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AI Safety and AI Ethics: bridging cultures of existential and social risk
9th February 3:00 PM – 5:30 PM GMT
2023 was undoubtedly the year of ‘AI’ – when we were all amazed by the capabilities of ChatGTP and image generators, and stories of existential risks filled the media. This narrative seemed to be pushed by the very people who had invested most in developing Large Language Models, and were interlinked with the ideology of Effective Altruism. The concept of AI Safety rose to the top of the political agenda. However, concern about, and research on how AI could be developed and used responsibly has a long history. In 2023 the EU passed the AI Act, which was conceived well before current Generative AI as a framework for governance of risks and harms, while promoting innovation. Edinburgh University has become a leading centre for research on AI Ethics – a paradigm lead by philosophers, rather than one lead by computer scientists and engineers, and emphasises social risks and harms – rather than civilisation destroying harms. However by the end of 2023, the real life requirements of business for robust systems, oversight by government concerned about weapons, jobs, fundamental rights and international power struggles have moved the focus of AI Safety towards practical concerns. In these talks we will hear about how and why existential risk became such a headline grabbing topic, and understand how some ways we can start the hard work of bridging the responsible AI, AI Ethics and AI safety paradigms.
Dr Atoosa Kasirzadeh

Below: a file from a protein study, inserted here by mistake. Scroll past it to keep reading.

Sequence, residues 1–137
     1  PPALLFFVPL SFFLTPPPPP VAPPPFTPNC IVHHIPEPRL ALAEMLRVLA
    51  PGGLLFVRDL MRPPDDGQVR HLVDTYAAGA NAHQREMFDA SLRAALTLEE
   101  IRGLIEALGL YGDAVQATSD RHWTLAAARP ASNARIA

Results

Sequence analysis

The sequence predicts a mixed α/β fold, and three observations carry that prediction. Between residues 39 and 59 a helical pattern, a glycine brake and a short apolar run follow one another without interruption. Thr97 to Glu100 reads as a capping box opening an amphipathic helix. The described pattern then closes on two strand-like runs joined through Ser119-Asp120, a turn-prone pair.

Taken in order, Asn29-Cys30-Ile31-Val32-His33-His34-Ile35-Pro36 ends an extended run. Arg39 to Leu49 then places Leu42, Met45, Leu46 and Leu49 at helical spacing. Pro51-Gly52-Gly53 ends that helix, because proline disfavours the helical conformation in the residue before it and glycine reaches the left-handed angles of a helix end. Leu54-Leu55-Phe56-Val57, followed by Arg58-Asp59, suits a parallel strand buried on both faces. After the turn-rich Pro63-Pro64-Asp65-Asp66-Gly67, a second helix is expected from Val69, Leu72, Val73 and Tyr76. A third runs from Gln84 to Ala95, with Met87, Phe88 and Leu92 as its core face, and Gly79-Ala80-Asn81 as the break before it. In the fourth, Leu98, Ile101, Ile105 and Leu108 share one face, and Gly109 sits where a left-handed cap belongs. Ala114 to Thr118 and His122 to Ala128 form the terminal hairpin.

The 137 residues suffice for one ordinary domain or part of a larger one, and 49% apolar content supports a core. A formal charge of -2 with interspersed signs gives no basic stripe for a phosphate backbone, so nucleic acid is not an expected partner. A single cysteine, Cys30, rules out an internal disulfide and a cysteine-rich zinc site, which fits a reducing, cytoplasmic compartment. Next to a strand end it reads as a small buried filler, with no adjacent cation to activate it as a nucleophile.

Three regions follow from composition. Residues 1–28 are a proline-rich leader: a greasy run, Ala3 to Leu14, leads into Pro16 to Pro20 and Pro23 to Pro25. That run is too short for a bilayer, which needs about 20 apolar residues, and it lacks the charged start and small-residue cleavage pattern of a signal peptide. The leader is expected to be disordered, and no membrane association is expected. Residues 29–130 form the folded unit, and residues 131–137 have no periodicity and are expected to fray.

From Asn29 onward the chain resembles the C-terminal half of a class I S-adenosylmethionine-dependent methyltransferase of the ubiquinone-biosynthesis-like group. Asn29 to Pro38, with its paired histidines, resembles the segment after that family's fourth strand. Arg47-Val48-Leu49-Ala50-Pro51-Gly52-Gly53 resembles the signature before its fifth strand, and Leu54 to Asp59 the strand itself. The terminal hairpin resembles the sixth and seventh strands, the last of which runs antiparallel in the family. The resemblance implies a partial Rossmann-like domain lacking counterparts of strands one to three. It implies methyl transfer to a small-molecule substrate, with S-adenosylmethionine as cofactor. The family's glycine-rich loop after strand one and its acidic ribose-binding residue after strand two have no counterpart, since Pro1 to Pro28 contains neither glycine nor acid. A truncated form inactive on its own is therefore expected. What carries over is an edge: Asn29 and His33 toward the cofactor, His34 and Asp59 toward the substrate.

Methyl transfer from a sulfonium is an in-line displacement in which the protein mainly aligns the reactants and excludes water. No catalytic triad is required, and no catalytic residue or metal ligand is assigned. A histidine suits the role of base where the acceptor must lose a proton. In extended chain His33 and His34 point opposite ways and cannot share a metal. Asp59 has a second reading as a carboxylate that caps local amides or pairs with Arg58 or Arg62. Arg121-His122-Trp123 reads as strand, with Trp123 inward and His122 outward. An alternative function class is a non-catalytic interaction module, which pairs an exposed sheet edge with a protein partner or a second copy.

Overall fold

Dr Atoosa Kasirzadeh is a philosopher, mathematician, and systems engineer at the University of Edinburgh. She is an Assistant Professor (Chancellor’s Fellow) in the Philosophy Department, Director of Research at the Centre for Technomoral Futures, and a Research Lead at the Alan Turing Institute. Prior to this, she held research positions at DeepMind and Australian National University.
She has a PhD in Philosophy of Science and Technology (2021) from the University of Toronto and a PhD in Mathematics (2015) from the Ecole Polytechnique of Montreal. Her current research is focused on ethics, safety, and philosophy of AI (value alignment, interpretability, generative models, recommender systems) and philosophy of science (explanation, prediction, complex systems, automating science).
Dr Vassilis Galanos
Dr Vassilis Galanos is a Research Associate and Teaching Fellow at the Edinburgh College of Art, conducting a risk-based assessment of Generative AI in journalism as part of the BRAID UK initiative and teaching about Technology Futures. Vassilis investigates the historical and sociological underpinnings of interwoven AI and internet technologies, and how expertise and expectations are negotiated in these domains. Vassilis is Associate Editor of Technology Analysis and Strategic Management and prospective Lecturer in Digital Work at the University of Stirling’s School of Management.